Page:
Monday, 28 September 2015

Lessons In Eating Soup by Melanie Grabowski

'I am a refugee in an attic. Milky light spills in through a small window. I squat beside it on a footstool, keeping watch on the street below. I spy on the soldiers in stiff green uniforms, wearing rifles like handbags.'

This is another e book that I came across on Smashwords.

It gives an insight into the life of a child in Poland in the eighties during a period of martial law. It is delicately and wonderfully told. Melanie Grabowski's writing is incredibly fresh and crisp. Words fail me as to how well written this short piece is.

Beautiful   5/5

Will You Sing Fredric - Jacob Mossberg

"Will you sing, Frederic?" A gentle voice spoke as Frederic lay sleeping.

Frederic jerked and rose in his bed. He looked around, dumbfounded. The room was empty. He
must have been dreaming. So he lay down again while punching his pillow to adjust it.
As soon as he had put his head down, a gentle voice whispered once more; "Will you sing,

For my latest read I did a random search on Smashwords and found this.

It is quirky and imaginative and had me hooked from the very first line. In many ways this is right up my alley. I am a sucker for originality and anything left of centre. It is creepy with a pinch of humour.

The ending was a little confusing and vague but perhaps that is what the Author intended and maybe we are supposed to interpret the ending in our own way.


You can find out more about Jacob Mossberg on Goodreads


Sunday, 27 September 2015

Blue Moon - Oli Smith

It's 21st July 1969 and man is about to step foot on the moon. But they have company.

I found this short book online via the BBC and it's not bad. It features David Tennant's Doctor Who in a race against time to make sure the moon landing goes ahead without an unexpected alien hitch.

An enjoyable quick read.


The Snow Dragon - Vivian French

This is another children's book that I found and listened to on You Tube.

In a world on fire a boy goes in search of the last Snow Dragon.

This is a wonderful story and every child should read this. And every adult as well! It's pretty imaginative and great escapism. Children's writing at it's best.


Galaxy Four - William Emms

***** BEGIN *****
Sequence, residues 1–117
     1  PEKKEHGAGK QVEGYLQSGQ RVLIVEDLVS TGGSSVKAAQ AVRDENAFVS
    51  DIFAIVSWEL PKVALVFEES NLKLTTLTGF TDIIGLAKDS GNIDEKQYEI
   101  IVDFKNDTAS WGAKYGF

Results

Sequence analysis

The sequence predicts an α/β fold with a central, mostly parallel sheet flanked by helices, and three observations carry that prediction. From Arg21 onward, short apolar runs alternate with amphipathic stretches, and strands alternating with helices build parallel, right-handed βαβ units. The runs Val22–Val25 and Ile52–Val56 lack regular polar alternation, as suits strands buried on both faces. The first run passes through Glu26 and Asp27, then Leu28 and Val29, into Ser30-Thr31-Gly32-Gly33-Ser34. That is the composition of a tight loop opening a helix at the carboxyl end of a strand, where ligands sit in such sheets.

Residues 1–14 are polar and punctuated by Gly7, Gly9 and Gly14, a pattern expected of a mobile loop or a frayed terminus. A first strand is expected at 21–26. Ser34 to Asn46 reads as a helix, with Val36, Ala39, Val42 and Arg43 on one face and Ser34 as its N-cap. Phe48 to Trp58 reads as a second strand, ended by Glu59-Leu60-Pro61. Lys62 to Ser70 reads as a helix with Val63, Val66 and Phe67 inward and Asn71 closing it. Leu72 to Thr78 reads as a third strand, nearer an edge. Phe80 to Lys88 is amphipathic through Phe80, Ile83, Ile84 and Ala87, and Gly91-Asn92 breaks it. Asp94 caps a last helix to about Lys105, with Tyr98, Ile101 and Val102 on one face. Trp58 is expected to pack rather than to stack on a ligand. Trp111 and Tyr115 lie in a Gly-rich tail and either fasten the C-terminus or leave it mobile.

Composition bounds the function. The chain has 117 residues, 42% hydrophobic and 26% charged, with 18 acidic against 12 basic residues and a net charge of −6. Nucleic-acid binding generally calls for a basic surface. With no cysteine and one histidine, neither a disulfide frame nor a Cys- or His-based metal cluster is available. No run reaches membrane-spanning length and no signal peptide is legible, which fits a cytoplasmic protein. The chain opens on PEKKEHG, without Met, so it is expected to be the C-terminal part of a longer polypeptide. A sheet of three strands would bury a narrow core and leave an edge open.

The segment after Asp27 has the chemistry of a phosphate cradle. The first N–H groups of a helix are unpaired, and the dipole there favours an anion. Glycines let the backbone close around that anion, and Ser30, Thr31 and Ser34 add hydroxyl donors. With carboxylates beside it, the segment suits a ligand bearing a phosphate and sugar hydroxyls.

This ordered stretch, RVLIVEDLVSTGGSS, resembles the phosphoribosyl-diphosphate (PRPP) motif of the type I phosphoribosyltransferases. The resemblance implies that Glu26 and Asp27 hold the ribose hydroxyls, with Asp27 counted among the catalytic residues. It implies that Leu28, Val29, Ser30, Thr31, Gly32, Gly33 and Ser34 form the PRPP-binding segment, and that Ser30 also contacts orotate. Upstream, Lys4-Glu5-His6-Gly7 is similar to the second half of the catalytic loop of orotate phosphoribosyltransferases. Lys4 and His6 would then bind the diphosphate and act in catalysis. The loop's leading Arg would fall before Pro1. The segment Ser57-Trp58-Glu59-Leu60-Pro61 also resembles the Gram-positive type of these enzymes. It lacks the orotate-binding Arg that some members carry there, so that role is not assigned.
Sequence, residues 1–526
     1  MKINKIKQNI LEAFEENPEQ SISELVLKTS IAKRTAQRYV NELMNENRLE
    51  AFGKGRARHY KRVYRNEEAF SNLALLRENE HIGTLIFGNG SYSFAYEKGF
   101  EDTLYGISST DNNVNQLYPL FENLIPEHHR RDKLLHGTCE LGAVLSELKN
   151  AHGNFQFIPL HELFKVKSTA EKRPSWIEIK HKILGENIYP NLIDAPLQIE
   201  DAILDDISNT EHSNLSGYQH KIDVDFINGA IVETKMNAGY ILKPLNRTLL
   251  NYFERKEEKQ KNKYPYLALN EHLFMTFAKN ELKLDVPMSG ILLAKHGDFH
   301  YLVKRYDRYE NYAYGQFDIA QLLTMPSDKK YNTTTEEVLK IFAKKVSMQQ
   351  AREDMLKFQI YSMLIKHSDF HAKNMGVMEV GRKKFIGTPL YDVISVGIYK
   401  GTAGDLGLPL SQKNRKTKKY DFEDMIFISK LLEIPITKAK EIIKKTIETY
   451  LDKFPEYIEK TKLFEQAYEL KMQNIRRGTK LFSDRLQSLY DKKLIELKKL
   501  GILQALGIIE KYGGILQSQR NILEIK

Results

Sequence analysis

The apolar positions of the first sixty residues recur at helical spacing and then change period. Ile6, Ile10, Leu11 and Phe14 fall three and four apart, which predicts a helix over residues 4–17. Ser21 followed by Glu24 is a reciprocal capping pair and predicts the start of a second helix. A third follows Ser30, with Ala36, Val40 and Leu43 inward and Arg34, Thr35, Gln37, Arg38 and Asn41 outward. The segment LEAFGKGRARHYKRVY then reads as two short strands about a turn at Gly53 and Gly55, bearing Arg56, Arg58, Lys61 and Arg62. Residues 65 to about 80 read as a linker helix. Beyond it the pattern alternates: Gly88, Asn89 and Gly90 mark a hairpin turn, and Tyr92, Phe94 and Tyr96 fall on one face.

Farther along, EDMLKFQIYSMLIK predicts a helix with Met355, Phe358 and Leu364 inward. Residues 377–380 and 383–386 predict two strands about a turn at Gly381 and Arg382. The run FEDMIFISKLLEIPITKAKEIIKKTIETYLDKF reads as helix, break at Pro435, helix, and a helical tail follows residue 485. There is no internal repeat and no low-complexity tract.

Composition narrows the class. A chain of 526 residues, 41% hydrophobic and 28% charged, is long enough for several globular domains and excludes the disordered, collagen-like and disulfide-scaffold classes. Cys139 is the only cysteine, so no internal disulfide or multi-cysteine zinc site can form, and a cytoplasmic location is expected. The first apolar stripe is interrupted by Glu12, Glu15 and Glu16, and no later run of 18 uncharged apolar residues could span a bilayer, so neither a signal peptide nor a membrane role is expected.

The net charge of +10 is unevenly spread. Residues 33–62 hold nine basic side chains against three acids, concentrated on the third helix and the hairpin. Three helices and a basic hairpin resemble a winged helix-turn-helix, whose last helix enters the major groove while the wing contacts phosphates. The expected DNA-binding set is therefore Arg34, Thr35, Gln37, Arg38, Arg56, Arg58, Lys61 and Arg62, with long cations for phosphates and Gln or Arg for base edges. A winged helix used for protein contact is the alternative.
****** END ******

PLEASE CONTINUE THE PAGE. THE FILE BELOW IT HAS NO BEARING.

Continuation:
Following a skirmish in deep space, two alien spacecraft have crash landed on a barren planet in Galaxy Four. When the Doctor arrives, he discovers that the planet will explode in two days' time.

I grew up reading the Doctor Who Target books and so I thought it was about time I read another one for old times sake.

Written by the man who wrote the original 1965 script for the TV show, this is one of the early William Hartnell adventures and one of the missing ones at that. There is something I really like about early Doctor Who that has been lost over the years and this novelization captures it well. I think it's the fact that it's a simple, honest story without any gimmicks.

The brilliant thing about reading a Target novelization is the fact that it's all in your head. There are no bad actors, no terrible special effects and no wobbly walls. The acting and effects are as good as your mind can muster up.

This was a great read and a nostalgic one. I felt like a kid again. I'm still a Doctor Who fan after all these years.


Saturday, 26 September 2015

4 Books by Dr Seuss

I wanted to catch up a little on this year's 52 books in 52 weeks reading challenge and so I really wanted to read something quick and fun. At the back of my mind was Dr Seuss. I don't know if it's a result of being a child of the 70's in England but his books have escaped me growing up.

I found these 4 books on You Tube and listened to them one after the other.

The Cat in The Hat

The Lorax

Green Eggs and Ham


How the Grinch Stole Christmas.

I can't believe I lost out on these child as a kid, they are fun and wonderfully written.

I also enjoyed learning a bit about the author in the process. I'm a middle aged bloke with a big nose so I don't think I can really rate them, I don't think that's my job. But I'll give them all a 4/5.

I really should read some more.

Thursday, 24 September 2015

A Village Affair - Joanna Trollope